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The Ecological Consequences of Meat Consumption

Meat production worldwide:
1990: 170 mio. tons
1994: 194 mio. tons
1997: 210 mio. tons
1999: 217 mio. tons
2003: 253 mio. tons
2004: 258 mio. tons
2005: 267 mio. tons
2009: 284 mio. tons

Worldwide meat production continues to increase

Although the consumption of meat in industrialised countries has been decreasing for years, consumption globally has continued to grow. In 2005, 267 million tons of meat were produced worldwide, 600,000 tons in Switzerland alone.[2] Meat production has more than doubled since 1970.[1]This has enormous ecological consequences that unfortunately have received very little attention up to now.

Use of Land

On the same amount of land needed to produce one kilo of meat, 200 kg of tomatoes or 160 kg of potatoes could be harvested in the same time span. In Switzerland, approximately 67% of agricultural land is used for keeping livestock and the production of animal feed. This corresponds with the worldwide average.[3] In the USA, 230,000 km2 of land are taken up with the production of hay for farm animals, and only 16,000 km2 (= 7%) are used for growing plant foods for humans.[4] The enormous amounts of land needed for meat production also damage the rainforests: 40% of all rainforest in Central America has been cleared or burned down within the last 40 years, mainly to gain land for grazing and the cultivation of fodder.[5] 1.5 million tons of meat were imported into the EU in 2004. Over one third of this came from Brazil.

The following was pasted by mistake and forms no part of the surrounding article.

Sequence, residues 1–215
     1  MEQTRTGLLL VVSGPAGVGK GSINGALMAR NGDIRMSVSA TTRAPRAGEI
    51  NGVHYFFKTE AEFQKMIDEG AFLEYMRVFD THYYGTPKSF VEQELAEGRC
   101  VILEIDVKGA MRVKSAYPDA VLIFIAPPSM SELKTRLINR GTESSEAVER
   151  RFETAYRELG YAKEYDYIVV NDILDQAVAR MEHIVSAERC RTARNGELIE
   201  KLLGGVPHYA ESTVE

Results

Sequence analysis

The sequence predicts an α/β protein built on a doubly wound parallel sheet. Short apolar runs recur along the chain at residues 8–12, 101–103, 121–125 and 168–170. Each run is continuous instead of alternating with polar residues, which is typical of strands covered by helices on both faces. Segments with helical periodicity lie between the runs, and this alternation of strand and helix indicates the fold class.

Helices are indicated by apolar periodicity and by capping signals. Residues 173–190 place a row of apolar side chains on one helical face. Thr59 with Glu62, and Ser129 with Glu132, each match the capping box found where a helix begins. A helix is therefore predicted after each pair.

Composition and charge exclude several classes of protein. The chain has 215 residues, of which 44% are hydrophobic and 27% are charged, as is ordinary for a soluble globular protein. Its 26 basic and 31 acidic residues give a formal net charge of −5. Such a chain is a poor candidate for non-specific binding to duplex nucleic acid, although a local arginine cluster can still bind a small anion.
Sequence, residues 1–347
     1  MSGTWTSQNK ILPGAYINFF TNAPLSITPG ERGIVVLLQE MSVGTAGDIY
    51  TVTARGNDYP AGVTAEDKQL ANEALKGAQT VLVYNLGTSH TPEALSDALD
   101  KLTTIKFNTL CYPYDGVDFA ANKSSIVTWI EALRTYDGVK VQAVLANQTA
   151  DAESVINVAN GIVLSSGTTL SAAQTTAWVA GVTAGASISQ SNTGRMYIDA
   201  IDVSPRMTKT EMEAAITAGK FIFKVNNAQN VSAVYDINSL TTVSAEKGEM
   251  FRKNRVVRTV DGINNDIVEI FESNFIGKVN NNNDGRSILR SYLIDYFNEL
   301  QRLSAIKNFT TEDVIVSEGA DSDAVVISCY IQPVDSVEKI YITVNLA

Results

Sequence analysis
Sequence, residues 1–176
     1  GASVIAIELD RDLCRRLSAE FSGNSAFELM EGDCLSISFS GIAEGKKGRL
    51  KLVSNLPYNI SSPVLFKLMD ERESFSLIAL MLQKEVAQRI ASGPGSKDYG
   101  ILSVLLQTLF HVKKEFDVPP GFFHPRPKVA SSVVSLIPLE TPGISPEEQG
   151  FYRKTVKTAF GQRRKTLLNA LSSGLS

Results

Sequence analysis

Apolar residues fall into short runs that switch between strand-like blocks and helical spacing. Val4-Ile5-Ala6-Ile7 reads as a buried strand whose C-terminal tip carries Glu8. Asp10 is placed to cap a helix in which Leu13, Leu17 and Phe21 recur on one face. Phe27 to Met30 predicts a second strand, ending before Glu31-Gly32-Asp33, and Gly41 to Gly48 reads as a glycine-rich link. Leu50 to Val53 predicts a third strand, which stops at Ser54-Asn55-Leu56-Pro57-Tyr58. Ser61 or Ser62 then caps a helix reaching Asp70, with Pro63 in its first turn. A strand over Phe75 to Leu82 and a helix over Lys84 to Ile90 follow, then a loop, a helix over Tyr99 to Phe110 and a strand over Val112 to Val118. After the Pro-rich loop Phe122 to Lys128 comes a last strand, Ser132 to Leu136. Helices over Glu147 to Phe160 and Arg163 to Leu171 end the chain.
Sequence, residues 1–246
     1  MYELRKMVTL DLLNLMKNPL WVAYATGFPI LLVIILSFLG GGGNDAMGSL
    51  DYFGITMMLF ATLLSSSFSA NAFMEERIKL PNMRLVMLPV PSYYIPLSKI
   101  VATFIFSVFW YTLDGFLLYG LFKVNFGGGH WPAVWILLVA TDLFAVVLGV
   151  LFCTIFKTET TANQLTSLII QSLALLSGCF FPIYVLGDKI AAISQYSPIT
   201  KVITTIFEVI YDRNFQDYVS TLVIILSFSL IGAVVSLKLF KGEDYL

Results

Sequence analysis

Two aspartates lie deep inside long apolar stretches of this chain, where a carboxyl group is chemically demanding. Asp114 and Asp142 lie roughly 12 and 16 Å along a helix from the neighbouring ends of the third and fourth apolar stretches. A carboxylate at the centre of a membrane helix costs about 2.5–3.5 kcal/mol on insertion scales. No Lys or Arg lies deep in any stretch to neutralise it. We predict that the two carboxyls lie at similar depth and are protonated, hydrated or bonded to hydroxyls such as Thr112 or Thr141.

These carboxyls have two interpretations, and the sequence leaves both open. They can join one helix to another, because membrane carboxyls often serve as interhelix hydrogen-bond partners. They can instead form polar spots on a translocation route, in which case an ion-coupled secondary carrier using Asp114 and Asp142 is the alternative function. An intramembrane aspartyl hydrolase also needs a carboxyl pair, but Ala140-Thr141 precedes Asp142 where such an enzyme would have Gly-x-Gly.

land used for food Oekologie & Landbau

Water Consumption

Wasserbrunnen - Copyright WHO/P. Virot The poorest sections of the population suffer particularly through the huge water consumption needed for the production of meat.

It has been said that, in future, wars will not be fought over oil, but over water. An average household needs around 2–5 litres of water for drinking, and 100–500 litres for everything else (such as showering, washing etc.). This is nothing in comparison to the 2,000–5,000 litres needed every day for the production of foodstuffs for an average family.

In the fight against world hunger, the focus is often put upon the supply of food, while water, essential to be able to produce food in the first place, is ignored. Therefore, a water conference was held in Stockholm in 2004, concerned solely with the supply of water for humans.[8] Interesting conclusions were brought to light: whether a family requires 2,000 or 5,000 litres of water daily to produce their food depends very much on their type of nutrition. Worldwide, approximately 1,200 m3 of water are required per person per year for the production of foodstuffs. In the poorest regions of the world, where people can hardly afford animal products, the amount of water needed is around 600 m3. In comparison, regions that consume the most meat (the USA and EU) require circa 1,800 m3 annually per person.